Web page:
‘Families’ experiences of social workers will be rich and varied, positive and negative, helpful and unhelpful. However, many parents, me included, highlight that their experience of working with social workers make them feel powerless. In fact, I often talk about my relationship with the local authority as being one of the most emotionally damaging I’ve experienced.'
This section focuses on how practice supervisors can help social workers to understand the lived experience of children and families and to ensure that their voices are heard.
Knowledge Briefing – Understanding the lived experience of black and ethnic minority children and families
This knowledge briefing is written specifically for practice supervisors. It includes key messages from research and practice evidence about:
- Factors that frame the lived experiences of black and ethnic minority children who are disproportionately represented in the child welfare system.
- The impact of diversity, social inequality and poverty on the lived experiences of children and why it is important to listen to the voice of the child.
- The importance of focusing on diversity, poverty and social inequality when working with black and ethnic minority children and families in social work contexts.
- How practice supervisors can support social workers to reflect on issues of power and discrimination.
Challenge questions and reflective prompts are included to help you consider how you might use these ideas in your role as practice supervisor.
Hearing from 'Annie': a parent who has experienced child protection involvement
This tool based on 'Annie's' experiences focuses on the importance of building transparent relationships with parents so that their voices and views are heard (and the role which practice supervisors can play in making this happen). This tool is designed to be used in conjunction with the next tool ‘Hearing parents’ voices: the first assessment visit’.
‘Annie’ tweets as @survivecourt. You can read more of her work on her website.
Hearing parent’s voices: the first assessment visit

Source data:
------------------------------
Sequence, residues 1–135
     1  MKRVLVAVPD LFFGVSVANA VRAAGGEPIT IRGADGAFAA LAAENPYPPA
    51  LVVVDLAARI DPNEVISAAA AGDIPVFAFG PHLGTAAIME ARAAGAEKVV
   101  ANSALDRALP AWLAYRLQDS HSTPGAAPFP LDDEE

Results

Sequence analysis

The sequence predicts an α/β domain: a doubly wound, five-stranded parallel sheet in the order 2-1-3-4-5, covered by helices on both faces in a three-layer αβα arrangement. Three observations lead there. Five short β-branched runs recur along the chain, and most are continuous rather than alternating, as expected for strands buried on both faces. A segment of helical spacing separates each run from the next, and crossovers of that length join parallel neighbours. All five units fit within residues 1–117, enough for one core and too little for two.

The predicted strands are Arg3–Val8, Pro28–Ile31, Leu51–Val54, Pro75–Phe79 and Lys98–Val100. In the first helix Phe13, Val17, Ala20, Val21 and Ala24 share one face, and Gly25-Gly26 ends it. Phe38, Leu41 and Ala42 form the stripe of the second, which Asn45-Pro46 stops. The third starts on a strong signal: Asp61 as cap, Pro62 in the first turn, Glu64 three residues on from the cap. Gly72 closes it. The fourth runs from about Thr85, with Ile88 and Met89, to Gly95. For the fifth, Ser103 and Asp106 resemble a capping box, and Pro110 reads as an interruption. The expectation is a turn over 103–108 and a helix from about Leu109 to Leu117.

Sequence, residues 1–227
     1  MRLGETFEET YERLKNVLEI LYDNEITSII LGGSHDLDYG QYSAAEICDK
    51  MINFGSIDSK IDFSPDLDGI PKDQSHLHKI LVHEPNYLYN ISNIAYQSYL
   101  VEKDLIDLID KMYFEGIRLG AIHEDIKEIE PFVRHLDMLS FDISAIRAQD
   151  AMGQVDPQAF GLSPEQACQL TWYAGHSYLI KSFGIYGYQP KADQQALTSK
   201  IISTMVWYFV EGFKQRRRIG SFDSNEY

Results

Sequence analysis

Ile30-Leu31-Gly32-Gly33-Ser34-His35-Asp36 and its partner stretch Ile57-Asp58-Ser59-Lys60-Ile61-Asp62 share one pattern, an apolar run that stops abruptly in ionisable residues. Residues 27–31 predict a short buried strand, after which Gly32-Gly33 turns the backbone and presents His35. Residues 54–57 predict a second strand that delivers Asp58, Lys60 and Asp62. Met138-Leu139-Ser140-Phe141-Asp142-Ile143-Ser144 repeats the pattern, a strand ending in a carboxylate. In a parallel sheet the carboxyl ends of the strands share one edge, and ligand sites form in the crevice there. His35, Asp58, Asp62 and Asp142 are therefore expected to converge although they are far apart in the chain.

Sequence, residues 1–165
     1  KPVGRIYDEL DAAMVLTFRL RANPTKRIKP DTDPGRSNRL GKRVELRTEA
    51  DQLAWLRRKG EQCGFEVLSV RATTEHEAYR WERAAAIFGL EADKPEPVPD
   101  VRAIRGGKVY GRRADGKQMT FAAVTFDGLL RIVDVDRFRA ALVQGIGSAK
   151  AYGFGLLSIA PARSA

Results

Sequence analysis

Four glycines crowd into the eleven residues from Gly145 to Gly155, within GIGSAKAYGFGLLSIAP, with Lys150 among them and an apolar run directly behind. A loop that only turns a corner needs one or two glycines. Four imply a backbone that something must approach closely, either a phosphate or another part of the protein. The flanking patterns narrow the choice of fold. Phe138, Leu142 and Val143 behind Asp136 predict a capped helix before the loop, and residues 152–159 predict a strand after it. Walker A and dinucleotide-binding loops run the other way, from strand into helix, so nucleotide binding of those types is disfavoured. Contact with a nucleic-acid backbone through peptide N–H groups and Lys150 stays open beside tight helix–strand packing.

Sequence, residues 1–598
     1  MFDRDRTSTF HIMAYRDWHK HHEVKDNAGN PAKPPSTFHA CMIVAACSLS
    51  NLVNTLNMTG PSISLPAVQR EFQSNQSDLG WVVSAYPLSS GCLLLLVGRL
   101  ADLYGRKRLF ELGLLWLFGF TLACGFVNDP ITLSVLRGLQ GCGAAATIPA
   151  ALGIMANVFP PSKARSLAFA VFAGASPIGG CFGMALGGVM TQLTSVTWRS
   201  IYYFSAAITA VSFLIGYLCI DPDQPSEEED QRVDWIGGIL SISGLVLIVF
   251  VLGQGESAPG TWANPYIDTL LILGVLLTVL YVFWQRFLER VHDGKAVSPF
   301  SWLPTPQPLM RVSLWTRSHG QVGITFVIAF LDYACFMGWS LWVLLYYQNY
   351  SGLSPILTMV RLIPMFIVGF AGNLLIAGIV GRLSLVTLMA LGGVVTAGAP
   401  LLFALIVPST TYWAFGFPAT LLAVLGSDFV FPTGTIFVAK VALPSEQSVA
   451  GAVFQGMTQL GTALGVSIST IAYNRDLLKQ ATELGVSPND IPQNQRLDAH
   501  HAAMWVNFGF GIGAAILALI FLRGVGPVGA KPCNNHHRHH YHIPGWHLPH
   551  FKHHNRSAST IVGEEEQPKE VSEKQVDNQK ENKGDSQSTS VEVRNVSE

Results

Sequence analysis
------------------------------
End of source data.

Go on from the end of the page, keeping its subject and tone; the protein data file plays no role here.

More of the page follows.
This tool developed in partnership with ‘Annie’ will help you ensure that your supervisees have a detailed understanding of how they can communicate effectively with parents at the first assessment visit and why it is important to do so.
Hearing from Jenny
Author and trainer Jenny Molloy talks about the importance of talking with and listening to children to understand their experiences. She draws on her own life story and relationship with the many social workers she worked with as a child and young person.
You can hear a different podcast on a different topic with Jenny in – ‘Emotions, Relationships and Resilience in Child and Family Social Work.’
Jenny Molloy tweets as @HackneyChild. You can read more about her childhood experiences here.
Hearing children and young peoples’ voices
This tool, inspired by Jenny’s experiences, will help you and your supervisees consider how to communicate effectively with children and young people so that their voices and views are heard.
Hearing the voices of children and families in supervision
Families often report feeling that their voices and views are not heard when they have a social worker. This can be exacerbated if supervision focuses on compliance with process rather than exploring how practitioners are working with families on the issues they are facing. This tool focuses on how you can use reflective discussion to explore the lived experiences of children and families in supervision.
Using a social model of child protection in supervision
Professor Anna Gupta (Royal Holloway, University of London) explains what a social model of child protection looks like and how practice supervisors can ensure social workers take account of the impact of poverty, social inequality and discrimination on the lived experience of children and families.
A social model of child protection for supervision
This tool provides suggestions about how practice supervisors can have discussions about children and families in supervision which are informed by a social model of child protection.
Inverse intervention law
This short film presents findings from research by the Nuffield Foundation and Professor Bywaters (2014). Their research findings found that areas with lower rates of deprivation had higher rates of child welfare intervention compared with areas with higher rates of deprivation. This suggests that a number of complex factors influence social work intervention rates in different geographical areas. Findings from this research study are regularly updated on the website.
Thinking about the inverse intervention law
This tool asks you to consider your response to the film and your role in supporting social workers to take account of the impact of poverty and inequality in their work with children and families.
Exploring diversity in supervision
Learning from Serious Case Reviews highlights that there is insufficient focus or attention paid to the impact of heritage, culture or religious faith (and its meaning for that specific child or family) as well as disability or poverty when working with children and families. This suggests that families' lived experiences of social and structural inequality, culture, ethnicity and diversity may not be sufficiently understood or acknowledged by social workers. This reflective audit tool considers how you can explore these issues in supervision and support social workers to talk about diversity with children and families.